Restoration of Chapel Window Frames & Shutters
Part 1: Removal
Rancho Camulos Museum


CHAPEL WINDOWS & SHUTTERS RESTORATION 2018

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Part 1: Removal

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Part 2: Restoration

In the summer of 2018, Michael Adams, "The Santa Paula Craftsman" (santapaulacraftsman.com, EPA Renovator Certificate No. RI22015-18-3058), restored the worn-out window frames and shutters of the chapel on the grounds of Rancho Camulos Museum. The chapel was built in the 1860s on order of Ysabel del Valle, matriarch of the family that owned most of the Santa Clarita Valley until 1865.

This video by Adams' company shows the initial phase of the restoration project, namely the removal of the antique double-hung windows. The video offers a rare close-up look at some of the architectural features and artistry of the chapel and its signature "sacred heart" stained-glass window, which probably dates to the 1920s. The window came from the Roy C. Bailie Studios, which opened for business November 26, 1923, at 2328 W. 7th Street in Los Angeles. (L.A. Times advertisement, 11/26/1923.) The studio was a vendor of Tiffany favrile glass and other Tiffany products. Louis Comfort Tiffany developed favrile glass, a type of iridescent art glass, in the 1890s and used it in his firm's stained-glass windows.

The Restoration Project.

Windows:

  •  Remove the window/sash
  •  Fill the empty frame with a temporary wood panel
  •  Dispose of lead-contaminated dust, chips and debris, and dispose properly
  •  Take the window sashes to shop in Santa Paula
  •  Remove the paint and glazing from the sashes
  •  Remove glass
  •  Stabilize the cracked and rotted wood with 2-part epoxy
  •  Reinforce the frame while maintaining the integrity and feature of the original wood peg joinery
  •  Clean and polish the glass
  •  Replace the glass in the frame
  •  Apply modern points/fasteners to keep glass in frame
  •  Apply a high quality putty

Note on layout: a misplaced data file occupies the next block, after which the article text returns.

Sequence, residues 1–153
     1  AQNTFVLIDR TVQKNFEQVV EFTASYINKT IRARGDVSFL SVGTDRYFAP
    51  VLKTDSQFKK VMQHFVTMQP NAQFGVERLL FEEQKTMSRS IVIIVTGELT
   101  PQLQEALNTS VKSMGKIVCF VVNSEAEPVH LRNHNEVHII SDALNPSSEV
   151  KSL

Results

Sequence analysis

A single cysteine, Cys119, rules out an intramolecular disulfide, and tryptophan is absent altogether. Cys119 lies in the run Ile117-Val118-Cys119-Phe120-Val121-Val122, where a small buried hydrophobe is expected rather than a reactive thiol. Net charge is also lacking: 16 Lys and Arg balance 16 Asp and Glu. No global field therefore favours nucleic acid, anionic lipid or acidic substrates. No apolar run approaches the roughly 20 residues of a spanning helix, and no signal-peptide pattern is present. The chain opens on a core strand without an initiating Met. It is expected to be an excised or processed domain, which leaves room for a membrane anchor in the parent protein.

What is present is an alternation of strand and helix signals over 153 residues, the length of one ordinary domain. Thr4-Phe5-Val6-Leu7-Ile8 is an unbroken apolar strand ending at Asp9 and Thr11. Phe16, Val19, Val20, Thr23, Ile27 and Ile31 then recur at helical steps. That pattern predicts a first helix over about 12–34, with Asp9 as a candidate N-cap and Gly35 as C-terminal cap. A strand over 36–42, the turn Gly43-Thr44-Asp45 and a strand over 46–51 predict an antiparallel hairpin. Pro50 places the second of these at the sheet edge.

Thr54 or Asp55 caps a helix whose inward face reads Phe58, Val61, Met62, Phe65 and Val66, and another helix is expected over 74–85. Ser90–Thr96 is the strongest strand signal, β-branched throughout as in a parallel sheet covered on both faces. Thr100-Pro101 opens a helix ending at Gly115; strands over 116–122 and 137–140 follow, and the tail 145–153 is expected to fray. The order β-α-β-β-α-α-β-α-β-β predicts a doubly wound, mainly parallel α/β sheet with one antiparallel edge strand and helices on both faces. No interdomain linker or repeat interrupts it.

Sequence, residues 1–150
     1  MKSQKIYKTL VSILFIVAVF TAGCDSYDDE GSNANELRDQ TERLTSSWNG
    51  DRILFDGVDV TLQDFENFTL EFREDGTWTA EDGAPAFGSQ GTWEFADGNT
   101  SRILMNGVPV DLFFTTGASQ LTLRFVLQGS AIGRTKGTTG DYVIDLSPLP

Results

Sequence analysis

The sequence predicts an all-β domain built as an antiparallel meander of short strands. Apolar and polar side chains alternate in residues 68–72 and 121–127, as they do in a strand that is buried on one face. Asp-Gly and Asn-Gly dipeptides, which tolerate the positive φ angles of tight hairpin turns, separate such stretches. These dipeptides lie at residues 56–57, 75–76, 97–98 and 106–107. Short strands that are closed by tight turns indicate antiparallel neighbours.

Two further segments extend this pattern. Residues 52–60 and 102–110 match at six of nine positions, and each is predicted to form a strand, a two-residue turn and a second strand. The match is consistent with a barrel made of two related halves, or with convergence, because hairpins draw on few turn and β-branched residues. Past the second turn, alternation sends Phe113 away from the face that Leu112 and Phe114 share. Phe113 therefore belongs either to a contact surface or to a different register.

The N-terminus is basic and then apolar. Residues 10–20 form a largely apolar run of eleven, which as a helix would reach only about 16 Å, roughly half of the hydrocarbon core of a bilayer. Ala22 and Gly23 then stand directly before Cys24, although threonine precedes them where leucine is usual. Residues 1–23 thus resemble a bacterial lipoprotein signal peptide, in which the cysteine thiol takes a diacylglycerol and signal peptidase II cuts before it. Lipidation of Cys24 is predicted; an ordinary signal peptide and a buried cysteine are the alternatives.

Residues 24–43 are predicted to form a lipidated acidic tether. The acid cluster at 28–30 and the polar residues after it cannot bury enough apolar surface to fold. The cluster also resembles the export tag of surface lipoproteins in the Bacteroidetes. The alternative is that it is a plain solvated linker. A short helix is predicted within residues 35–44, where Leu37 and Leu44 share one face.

•  Seal/prime exposed wood with an oil-based primer or shellac
  •  Attempt to match original paint with a high quality water-based paint
  •  Ready for re-installation

Window frames:

  •  Position plastic to catch lead-based paint chips
  •  Remove old paint
  •  Stabilize the cracked and rotted wood with 2-part epoxy
  •  Reinforce the frame while maintaining the integrity and feature of the original joinery
  •  Seal/prime exposed wood with an oil-based primer or shellac
  •  Attempt to match original paint with a high quality water-based paint

Marrying frame and windows:

  •  Re-install windows/sashes
  •  Dispose of lead-contaminated dust, chips and debris, and dispose properly

Wood shutters:

  •  Remove the shutter
  •  Dispose of lead-contaminated dust, chips and debris, and dispose properly
  •  Take the shutter to shop in Santa Paula
  •  Disassemble shutter
  •  Remove the paint
  •  Stabillize the cracked and rotted wood with 2-part epoxy
  •  Remanufacture damaged parts as needed
  •  Reinforce the frame while maintaining the integrity and feature of the original wood peg joinery
  •  Seal/prime exposed wood with an oil-based primer or shellac
  •  Attempt to match original paint with a high-quality water-based paint
  •  Ready for re-installation

"Before" Photos:

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